SPECIAL REPORT: How recruits are transformed from civilians into Marines

SPECIAL REPORT: How recruits are transformed from civilians into Marines
Albany recruit, Jasqon Bryant (Source: WALB)
Albany recruit, Jasqon Bryant (Source: WALB)
U.S. Marine Corps Retired Colonel, Dan Gillan (Source: WALB)
U.S. Marine Corps Retired Colonel, Dan Gillan (Source: WALB)
U.S. Marine Corps Private First Class, Jared Gillan (Source: WALB)
U.S. Marine Corps Private First Class, Jared Gillan (Source: WALB)
(Source: WALB)
(Source: WALB)

ALBANY, GA (WALB) - Every year, thousands of Marine recruits head off to bootcamp to serve our country.

WALB News 10's Re-Essa Buckels took a four-day trip to get a behind the scenes look at the intense training recruits experience at the Marine Recruiting Depot on Parris Island, South Carolina.

On graduation day, families see the stark change in their new Marine. But they often don't know the blood, sweat and tears that goes into making a Marine.

"Oorah, good job guys, good job!" proud parents belted out the U.S. Marine Corps battle cry.

Thousands of families, like Dan Gillan and his wife Andrea, lined up along the curb to cheer on their Marines who are one day away from graduation.

But only a few parents know what it takes for their sons and daughters to be part of this motivational run, and that's because they've done it.

The U.S. Marine Corps gave us a behind the scenes look at bootcamp.

It's called the Educator's Workshop, an annual awareness program that informs educators and the media on how Marines are made.

A causeway was the only way on and off Parris Island. The island was designated as a Marine Corps Recruiting Depot.

The swampy terrain made it an ideal place for training, and where Marines were made since 1915.

60 educators witnessed and participated in bootcamp, which is typically 13 weeks.

We did it in four days!

The recruit training cycle was broken down into three phases aimed to challenge recruits physically, mentally and emotionally.

We lined up on the legendary footsteps, the first stop for all recruits, and our first taste of phase one bootcamp.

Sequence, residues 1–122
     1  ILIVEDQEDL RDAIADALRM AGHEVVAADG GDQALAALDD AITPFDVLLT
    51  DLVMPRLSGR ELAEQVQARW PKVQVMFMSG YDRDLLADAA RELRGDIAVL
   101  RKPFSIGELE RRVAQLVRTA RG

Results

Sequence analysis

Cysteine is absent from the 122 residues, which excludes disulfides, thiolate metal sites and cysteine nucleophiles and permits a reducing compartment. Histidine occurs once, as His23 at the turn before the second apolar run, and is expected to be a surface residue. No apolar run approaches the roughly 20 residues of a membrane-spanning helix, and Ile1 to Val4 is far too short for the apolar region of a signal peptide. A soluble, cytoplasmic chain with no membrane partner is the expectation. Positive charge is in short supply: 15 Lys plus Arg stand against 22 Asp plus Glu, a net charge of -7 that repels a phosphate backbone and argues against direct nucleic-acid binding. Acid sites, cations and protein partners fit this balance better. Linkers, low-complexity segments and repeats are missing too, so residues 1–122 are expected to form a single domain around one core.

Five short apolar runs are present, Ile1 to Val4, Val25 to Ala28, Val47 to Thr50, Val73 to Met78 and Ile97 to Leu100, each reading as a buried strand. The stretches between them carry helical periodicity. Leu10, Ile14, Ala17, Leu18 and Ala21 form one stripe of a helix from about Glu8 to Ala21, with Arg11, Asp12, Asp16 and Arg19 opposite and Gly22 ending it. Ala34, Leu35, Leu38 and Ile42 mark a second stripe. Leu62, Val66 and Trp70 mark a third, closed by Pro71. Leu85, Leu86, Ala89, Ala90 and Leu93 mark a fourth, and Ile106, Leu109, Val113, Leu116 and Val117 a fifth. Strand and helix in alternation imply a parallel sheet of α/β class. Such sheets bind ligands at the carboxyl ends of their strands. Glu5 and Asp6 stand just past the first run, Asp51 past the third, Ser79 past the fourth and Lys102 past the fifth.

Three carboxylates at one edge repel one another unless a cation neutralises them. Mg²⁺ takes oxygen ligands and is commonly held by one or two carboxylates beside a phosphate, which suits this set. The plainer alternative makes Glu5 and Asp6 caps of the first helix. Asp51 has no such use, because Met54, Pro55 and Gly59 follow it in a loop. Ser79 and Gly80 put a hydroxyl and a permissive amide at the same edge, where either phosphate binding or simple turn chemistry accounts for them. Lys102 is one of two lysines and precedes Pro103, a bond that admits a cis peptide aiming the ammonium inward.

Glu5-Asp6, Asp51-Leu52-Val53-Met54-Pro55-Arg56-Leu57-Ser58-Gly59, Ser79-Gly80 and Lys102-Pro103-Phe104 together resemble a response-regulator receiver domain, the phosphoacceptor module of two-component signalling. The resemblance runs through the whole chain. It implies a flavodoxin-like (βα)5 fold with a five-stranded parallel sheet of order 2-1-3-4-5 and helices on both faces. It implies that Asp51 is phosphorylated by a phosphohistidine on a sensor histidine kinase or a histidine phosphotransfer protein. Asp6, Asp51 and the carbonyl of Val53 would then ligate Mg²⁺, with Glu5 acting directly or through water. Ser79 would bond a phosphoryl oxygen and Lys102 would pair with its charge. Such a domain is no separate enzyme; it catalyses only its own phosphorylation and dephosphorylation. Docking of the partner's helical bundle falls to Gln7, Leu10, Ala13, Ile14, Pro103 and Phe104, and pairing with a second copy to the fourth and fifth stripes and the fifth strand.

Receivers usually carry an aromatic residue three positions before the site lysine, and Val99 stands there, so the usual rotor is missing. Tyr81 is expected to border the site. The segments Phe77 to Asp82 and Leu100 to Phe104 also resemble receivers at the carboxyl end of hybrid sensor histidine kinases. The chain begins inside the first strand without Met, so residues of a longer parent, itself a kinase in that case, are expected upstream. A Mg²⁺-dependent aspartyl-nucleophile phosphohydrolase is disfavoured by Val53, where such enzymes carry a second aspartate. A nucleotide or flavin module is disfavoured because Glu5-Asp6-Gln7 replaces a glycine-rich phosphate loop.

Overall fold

"The first phase is probably the most difficult because they're in shock," said U.S. Marine Corps Drill Instructor (DI), Staff Sergeant Simone King.

King's sole job was to break down the bad habits of recruits.

She joined the Marines in 2007, and she knew from day one that she wanted to be a DI.

"The way they carried themselves, they way they walked they way they talked, I just loved everything about it and I knew I wanted to have the same impact on junior Marines, as they had on me," explained King.

Like recruits, we were challenged to shed our individuality, and think like a team.

Educators got a chance to chow with recruits in the Mess Hall.

"How to work together and having everyone in the platoon realize that we're working as one," remarked Albany recruit, Jasqon Bryant.

Even in phase three, Bryant said he still struggles with the concept.

Day 2 events were all about character development, the core of phase two.

"The first phase they struggle through, they don't have the confidence to get through it, they have a little bit of a mental block because they've never done things like that before," said King.

The name said it all – the confidence course helps recruits conquer their fears, and to do the unthinkable.

But our next stop, the gas chamber, we really felt the burn.

When I walked through it, my eyes and face started burning, and could barely breathe.

Finally the next feat, repelling down the 43-foot tower.

Day three was our final day.

When I asked educators how they were feeling about the last day, one remarked, "it was fun but I'm hurting."

We were en route to watch more than 500 Marines graduate, the last event of phase three.

The emotional ceremony was a proud moment for families like the Gillans who've waited 13 weeks to salute their Marines.

Before the platoons could finish shouting the battle cry, a stampede of families sprinted to their beloved Marines.

This was a special moment for retired Colonel Dan Gillan and his wife, Andrea, their son Jared finally finished bootcamp.

"I was proud of him, that he acknowledged the effort that a dad puts into his son…and to see him take that first step with these other Marines and these six platoons of the best our country has to offer," said Dan.

"Words can't describe how I'm feeling...it gets me a lot of pride and honor to be able to carry on our family name and to the Marine Corps and carry on that legacy," remarked Jared.

Next week, we'll look at Parris Island's connection to Albany's Marine Corps Logistics Base.

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